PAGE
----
Another nuisance around town is the new bicycle rickshaw industry that sprang up in Salem two years ago. An enterprising company set up rickshaw cabs attached to bicycles to take people around town. It seemed like a clever way to take people around Salem. The premise is that the drivers will take people anywhere in Salem that they want to go, for free. Well, sort of. It's actually a tips-only service, but you wouldn't know that to hear the drivers pedaling around Salem. They yell at every pedestrian they pass "Free rides around Salem." Some of them do add "Tips only," but then again, some don't. The drivers are all twenty-something goatee'd slacker dudes who probably ride their dirt bikes on their off-time. Or perhaps they're those "skate fuckers" (to use Jack Black's term for them in HIgh Fidelity), who skateboard on public plazas despite the signs that read "No Skateboarding Allowed." Now the rickshaw drivers are bothering people too. I constantly get shouted at by these rickshaw dudes whenever I walk through town who ask me if I need a ride, and after I've started walking away, some of them continue to shout at me. Then they get flippant. One guy yelled at me from across the street, and when I told him I didn't need a ride, he yelled "Are you a witch? You've got red hair." If he thinks that's going to make me want to pay him a fat tip to take me somewhere around Salem that I can walk to and know how to get to because I'm not a tourist, he's sadly mistaken. Last year a second rickshaw company started up in Salem. They call themselves "pedicabs." But rickshaws or pedicabs, whichever you want to call them, it just means that now there are twice as many slacker dudes yelling at people around town.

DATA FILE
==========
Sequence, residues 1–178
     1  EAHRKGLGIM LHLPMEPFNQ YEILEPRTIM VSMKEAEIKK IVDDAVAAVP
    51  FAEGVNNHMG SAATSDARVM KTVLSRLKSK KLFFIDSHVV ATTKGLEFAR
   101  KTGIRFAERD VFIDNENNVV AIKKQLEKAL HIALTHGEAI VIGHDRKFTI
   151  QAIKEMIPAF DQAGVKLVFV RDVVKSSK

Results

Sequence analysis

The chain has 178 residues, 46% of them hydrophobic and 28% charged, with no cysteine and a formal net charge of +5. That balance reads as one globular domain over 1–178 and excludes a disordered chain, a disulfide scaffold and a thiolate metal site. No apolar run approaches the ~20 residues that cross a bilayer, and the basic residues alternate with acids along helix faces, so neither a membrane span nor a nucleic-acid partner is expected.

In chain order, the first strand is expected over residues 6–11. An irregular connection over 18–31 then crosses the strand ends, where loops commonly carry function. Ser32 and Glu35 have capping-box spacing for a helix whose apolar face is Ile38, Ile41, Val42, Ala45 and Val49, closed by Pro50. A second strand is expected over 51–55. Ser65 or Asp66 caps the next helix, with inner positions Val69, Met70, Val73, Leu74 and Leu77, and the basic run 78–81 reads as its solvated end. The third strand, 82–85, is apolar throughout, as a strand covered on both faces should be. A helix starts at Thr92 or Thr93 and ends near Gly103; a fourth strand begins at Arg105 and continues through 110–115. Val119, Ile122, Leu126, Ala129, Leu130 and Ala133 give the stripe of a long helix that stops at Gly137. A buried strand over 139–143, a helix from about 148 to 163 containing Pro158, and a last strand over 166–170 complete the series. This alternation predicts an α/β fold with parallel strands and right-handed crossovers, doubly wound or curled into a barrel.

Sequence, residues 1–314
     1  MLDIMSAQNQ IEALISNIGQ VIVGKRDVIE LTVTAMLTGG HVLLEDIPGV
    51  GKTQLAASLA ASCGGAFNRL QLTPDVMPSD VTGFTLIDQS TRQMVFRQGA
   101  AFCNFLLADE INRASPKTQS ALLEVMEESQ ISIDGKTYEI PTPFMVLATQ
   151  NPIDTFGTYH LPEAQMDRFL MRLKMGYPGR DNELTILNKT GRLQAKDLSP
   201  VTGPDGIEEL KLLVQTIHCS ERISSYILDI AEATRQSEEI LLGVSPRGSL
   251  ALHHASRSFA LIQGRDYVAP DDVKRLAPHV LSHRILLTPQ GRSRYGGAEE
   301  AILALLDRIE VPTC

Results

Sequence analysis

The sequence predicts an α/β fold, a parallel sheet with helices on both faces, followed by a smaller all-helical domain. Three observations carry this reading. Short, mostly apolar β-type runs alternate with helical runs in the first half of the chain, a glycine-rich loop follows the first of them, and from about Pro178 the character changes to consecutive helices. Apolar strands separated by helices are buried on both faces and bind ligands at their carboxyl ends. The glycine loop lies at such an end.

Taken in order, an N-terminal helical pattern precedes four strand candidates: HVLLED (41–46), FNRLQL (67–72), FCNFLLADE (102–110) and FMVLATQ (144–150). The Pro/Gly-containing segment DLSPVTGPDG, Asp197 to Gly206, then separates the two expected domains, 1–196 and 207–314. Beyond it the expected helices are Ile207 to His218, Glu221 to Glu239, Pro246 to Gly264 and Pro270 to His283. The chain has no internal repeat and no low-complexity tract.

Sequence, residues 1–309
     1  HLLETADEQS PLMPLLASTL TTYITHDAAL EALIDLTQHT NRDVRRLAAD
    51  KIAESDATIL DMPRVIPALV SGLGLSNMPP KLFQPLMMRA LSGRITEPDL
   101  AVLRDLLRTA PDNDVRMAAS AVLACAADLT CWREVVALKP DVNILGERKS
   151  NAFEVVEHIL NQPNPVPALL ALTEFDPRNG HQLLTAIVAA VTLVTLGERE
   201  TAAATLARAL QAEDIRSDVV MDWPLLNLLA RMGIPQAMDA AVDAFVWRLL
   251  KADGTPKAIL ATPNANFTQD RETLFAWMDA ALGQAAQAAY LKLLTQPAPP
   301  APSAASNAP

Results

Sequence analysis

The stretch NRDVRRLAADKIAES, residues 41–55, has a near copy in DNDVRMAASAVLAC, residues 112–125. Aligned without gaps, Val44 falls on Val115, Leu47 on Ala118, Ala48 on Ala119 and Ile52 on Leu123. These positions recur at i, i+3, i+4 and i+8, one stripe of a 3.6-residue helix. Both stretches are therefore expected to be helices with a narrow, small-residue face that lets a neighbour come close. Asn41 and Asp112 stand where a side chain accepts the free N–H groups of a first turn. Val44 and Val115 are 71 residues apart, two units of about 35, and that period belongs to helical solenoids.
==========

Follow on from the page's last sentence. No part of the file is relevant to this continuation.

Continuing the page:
Ubiquitous goatee'd slacker dude rickshaw/pedicab driver
There was a time when I could walk through downtown Salem relatively unmolested by purveyors that cater to the tourist industry that helps to fuel Salem's economy. Nowadays, from late spring until after the Halloween season, I am accosted on every corner by a trolley tour representative hawking their free maps and pricey trolley tours, or shouted at by rickshaw bicycle dudes trying to attract fares. They are a nuisance to visitors and residents alike. Add to them the myriad of ghost-tour operators and haunted Salem walking guides handing out brochures, and the occasional halfway-house-resident drug addict asking me for a dollar "for the bus (or train) to Boston," and I can't walk two feet in downtown Salem without having to say "No" to someone. Sure I'm polite, but how many times do I have to say "No thanks" in a single day? I feel like getting a t-shirt made that says "No, I don't want a trolley tour/rickshaw ride. I live here." I know the history and I know where I'm going. I shudder to think what new mode of tourist transportation will hit the streets of Salem in the summers and Halloween seasons to come, bringing with them new and as yet unforeseen methods of ensnaring customers.